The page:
A Collins Library exhibit at Tacoma’s University of Puget Sound explores transgender identity through photography and written word.
It’s not fantastic art, but it moves you just as much. “T-Town Transgender Neighbors: A Portrait Exhibition,” which just went up at the University of Puget Sound Collins Library, is a portrait show in the deepest sense of the work: 13 works of photography and text that delve into the most fundamental aspect of people’s lives, their gender.
The show impresses, not with visual tricks, but with stories. Each of the 13 folks shown in 11×13 photograph and text has coped in some way with transgender issues, with outcomes ranging from crossdressing acceptance to surgery and a complete estrangement from their old life. The photography by Irielle Dean is polished but conventional, subjects posed in front of Tacoma landmarks like the Narrows Bridge or Wright Park. There are a couple that have more depth of eye, like “Lukas G.”, slouched defiantly in front of a slash of graffiti downtown, the light bisecting him on a diagonal. But in a way, the conventionality does more than place these people squarely in our own neighborhood; it frames them as would a prom or wedding photo: mainstream, accepted.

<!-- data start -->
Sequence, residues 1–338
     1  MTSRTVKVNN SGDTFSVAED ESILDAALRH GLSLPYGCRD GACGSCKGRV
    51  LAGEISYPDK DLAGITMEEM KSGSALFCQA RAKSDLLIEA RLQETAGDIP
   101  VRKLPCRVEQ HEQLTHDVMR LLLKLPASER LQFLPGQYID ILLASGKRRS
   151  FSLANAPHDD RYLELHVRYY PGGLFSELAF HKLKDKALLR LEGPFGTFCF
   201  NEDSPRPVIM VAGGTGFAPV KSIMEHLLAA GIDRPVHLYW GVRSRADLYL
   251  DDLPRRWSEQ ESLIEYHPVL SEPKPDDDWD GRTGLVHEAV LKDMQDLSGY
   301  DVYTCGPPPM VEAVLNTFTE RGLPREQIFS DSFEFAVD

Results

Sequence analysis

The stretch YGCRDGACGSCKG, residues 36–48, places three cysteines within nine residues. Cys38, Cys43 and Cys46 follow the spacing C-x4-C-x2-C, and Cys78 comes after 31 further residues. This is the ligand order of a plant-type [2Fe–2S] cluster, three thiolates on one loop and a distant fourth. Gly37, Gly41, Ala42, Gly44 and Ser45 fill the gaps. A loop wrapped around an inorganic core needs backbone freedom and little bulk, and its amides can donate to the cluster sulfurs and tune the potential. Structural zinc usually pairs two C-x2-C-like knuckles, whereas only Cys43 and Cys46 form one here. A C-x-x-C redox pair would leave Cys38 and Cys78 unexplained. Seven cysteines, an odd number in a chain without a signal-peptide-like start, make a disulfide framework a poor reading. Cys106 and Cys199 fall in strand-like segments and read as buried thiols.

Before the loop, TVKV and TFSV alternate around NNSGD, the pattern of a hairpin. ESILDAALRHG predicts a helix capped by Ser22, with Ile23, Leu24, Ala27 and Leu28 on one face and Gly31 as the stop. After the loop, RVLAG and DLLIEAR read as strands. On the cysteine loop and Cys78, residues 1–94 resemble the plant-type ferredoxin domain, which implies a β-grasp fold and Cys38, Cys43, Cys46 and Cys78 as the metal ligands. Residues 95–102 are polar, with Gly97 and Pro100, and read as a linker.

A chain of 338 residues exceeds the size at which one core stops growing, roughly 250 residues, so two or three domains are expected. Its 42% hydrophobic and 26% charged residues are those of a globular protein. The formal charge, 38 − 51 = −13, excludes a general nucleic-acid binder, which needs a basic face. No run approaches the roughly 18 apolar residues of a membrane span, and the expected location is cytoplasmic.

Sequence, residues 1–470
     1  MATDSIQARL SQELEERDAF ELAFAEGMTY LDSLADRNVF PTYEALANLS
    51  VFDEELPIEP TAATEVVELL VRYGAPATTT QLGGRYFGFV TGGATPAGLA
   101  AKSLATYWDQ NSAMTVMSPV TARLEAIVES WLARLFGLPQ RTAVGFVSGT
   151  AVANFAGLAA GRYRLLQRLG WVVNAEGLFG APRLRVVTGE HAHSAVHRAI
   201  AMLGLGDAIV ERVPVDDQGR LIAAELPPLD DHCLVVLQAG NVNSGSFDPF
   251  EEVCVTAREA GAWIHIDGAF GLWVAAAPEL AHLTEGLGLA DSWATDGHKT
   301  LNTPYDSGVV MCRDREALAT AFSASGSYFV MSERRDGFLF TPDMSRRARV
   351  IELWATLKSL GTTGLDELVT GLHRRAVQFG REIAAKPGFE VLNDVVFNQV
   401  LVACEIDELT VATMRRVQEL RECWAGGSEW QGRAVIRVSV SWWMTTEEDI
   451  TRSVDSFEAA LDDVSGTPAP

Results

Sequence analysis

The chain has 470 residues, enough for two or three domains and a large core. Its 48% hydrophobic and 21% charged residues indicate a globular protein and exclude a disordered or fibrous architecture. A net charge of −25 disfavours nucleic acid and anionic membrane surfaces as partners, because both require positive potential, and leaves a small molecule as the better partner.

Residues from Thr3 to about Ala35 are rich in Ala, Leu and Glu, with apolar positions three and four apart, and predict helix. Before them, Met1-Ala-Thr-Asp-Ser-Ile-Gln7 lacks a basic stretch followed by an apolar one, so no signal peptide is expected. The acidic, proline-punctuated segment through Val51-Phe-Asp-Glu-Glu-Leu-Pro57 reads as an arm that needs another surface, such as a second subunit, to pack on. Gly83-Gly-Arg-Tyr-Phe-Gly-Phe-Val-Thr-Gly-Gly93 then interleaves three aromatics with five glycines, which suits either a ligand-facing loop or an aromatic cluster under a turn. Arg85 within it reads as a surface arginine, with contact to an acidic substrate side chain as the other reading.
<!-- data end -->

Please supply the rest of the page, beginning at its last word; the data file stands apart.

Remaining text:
And that’s mostly the point. Read more »